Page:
23. It is now pertinent to examine whether the amount of excise duty which was paid by a buyer directly to the Government and was not included in the bill of sale forms part of the consideration for the sale or purchase of liquor. If it can be held to be part of the consideration for the sale, consequently it must be held to form part of the assessee's turnover. If, however, the amount of excise duty paid by the buyer directly to the Government is not considered to be a part of the consideration for the sale of liquor, it cannot be said to form part of the assessee's turnover. Consideration is nothing but the total sale price which has been paid by the purchaser towards the transaction of sale. It is the ultimate total sum of money paid by the purchaser towards the transaction of sale--be it before, or at, or after the sale--that should enter into the computation of the 'turnover'. There may be cases where the parties agree to pay and receive the total consideration or sale price partly in cash and partly in kind. The payment may be either before, or at, or after the transaction of sale. There may or may not be a bill of sale. Stress is on the total amount charged by the seller and paid by the buyer towards the consideration for the transaction of sale. The seller may direct the buyer to pay a part of the sale consideration directly to him or to anyone as per his direction or towards his liability. The heart of the matter is what is the detriment to the buyer in so far as the transaction of sale is concerned. Admittedly, the consideration or sale price for the goods must invariably proceed from the purchaser. Therefore, what exactly has been spent by the buyer towards the transaction of sale or purchase is material for the purpose of determining the total sale price or consideration. In addition to the sale price, charity or dharmam is also being collected from the purchasers as a matter of trade usage in some transactions. So also processing and packing charges and sales tax payable by the dealer are collected. In such an event, the fact that the payment of dharmam or charity, or processing or packing charges or the sales tax payable by the dealer is not included in the bill of sale as part of the price but separately charged would not in any way conclusively establish that it does not form part of the total consideration or sale price. When judged from the standpoint of the purchaser, such payments undoubtedly constitute part of the sale consideration and, consequently, form part of the turnover of the seller. Ultimately, whatever has been spent or paid by the purchaser for the goods must be held to be the sale price otherwise known as the consideration for the purchase. In the cases on hand, the purchaser has paid excise duty directly to the Government and the value of the liquor to the assessee-manufacturer. Applying the aforesaid detriment theory to the buyer, we must hold that the total sum of money paid by the purchaser is the sum of money paid under the bill of sale to the assessee-seller plus the amount of excise duty paid by him to the Government in respect of the liquor purchased by him. If excise duty has been paid by the dealer himself instead of the buyer, he would have certainly included the same in the bill of sale as part of the price and passed it on to the purchaser and, in such an event, it would have undoubtedly formed part of the turnover of the assessee-distiller. The incidence of excise duty, an indirect tax, would ultimately be passed on to the consumer just as in the case of the sales tax the ultimate economic incidence of which is on the consumer or the last purchaser. Hence, the excise duty paid by the buyer, though not included in the bill of sale or invoice, would, without doubt, form part of the total consideration paid by him and it constitutes the turnover of the assessee-seller. The fact that the payment of excise duty was made either voluntarily or without a specific direction from the distiller-assessee does not in any way alter the legal position.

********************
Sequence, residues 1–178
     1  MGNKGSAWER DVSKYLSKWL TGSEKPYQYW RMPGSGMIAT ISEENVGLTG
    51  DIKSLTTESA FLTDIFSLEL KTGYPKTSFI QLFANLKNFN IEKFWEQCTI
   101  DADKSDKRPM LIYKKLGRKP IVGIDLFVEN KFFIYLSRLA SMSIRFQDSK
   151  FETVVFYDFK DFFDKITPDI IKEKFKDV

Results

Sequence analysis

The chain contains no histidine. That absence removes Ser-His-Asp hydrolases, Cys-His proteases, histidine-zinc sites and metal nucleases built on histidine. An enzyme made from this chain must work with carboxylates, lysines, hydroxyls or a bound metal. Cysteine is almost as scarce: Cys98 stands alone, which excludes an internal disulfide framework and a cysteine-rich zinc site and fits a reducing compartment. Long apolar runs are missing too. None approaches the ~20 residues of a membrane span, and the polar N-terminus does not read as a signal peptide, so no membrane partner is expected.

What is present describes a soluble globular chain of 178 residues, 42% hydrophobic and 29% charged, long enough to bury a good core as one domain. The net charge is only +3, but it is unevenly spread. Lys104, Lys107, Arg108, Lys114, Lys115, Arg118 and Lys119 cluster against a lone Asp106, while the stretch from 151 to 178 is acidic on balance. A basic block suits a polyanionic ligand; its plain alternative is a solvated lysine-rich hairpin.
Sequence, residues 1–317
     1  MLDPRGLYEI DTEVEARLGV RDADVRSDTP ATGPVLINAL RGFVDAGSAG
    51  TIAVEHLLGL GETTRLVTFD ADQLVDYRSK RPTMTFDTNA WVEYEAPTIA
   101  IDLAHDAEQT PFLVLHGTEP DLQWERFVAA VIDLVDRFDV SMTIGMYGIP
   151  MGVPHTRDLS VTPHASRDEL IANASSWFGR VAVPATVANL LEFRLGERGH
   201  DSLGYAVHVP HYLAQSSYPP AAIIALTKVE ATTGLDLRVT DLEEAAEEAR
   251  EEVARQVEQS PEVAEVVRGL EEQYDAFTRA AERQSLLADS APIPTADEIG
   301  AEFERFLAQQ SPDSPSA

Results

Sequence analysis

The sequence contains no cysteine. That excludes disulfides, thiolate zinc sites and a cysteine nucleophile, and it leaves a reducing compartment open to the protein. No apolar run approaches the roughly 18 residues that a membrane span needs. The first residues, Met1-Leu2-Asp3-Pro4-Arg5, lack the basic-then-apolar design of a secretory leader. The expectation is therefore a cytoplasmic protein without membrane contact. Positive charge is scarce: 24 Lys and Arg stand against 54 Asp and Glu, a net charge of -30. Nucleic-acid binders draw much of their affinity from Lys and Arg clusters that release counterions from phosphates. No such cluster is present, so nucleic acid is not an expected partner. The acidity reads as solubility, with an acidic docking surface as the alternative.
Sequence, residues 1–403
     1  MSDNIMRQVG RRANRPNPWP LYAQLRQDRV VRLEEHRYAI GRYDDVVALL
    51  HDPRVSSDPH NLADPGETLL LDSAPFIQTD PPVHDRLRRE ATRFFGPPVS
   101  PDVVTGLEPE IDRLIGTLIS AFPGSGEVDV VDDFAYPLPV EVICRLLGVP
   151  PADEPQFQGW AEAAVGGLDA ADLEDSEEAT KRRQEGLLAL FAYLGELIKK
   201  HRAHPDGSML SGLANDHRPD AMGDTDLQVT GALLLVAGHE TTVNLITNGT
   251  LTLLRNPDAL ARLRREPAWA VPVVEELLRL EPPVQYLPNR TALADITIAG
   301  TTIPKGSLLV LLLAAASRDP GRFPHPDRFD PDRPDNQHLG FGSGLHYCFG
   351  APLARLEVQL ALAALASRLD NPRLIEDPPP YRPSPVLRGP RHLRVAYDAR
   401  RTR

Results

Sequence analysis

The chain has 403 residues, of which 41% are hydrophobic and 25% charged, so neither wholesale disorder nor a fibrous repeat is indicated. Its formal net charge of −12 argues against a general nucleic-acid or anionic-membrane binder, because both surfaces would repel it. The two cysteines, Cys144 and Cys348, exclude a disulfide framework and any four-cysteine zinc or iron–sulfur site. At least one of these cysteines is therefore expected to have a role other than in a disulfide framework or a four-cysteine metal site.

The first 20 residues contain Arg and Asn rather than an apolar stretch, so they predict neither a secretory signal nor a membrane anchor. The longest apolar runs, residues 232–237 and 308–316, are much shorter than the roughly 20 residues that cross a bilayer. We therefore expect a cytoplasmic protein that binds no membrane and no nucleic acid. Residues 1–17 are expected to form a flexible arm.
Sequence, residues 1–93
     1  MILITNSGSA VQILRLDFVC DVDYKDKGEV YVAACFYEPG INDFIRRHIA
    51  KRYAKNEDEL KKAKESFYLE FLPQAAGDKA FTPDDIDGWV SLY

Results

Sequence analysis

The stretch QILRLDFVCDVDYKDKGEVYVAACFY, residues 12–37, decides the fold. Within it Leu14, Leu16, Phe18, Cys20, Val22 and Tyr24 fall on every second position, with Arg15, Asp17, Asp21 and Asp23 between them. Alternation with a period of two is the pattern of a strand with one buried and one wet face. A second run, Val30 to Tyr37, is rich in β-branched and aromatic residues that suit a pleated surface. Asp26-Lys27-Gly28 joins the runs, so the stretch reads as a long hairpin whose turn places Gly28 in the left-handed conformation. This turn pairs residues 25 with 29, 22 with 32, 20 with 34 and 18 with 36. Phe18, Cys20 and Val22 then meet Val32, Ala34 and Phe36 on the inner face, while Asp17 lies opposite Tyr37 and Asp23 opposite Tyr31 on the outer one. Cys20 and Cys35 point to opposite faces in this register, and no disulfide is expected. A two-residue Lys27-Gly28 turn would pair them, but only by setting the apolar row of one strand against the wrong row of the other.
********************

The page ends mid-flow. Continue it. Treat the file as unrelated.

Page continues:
24. This view of ours gains support from certain decided cases to which we shall presently refer. A Full Bench of this Court in Government of Andhra v. East India Commercial Co. Ltd.  8 S.T.C. 114 at 119 and 125-126 (F.B.) held that the sums collected by a dealer from purchasers as dharmam or charity on the occasion of the sales effected by him must be included in his turnover. The learned Judge, Viswanatha Sastri, J., who spoke for the court, observed thus: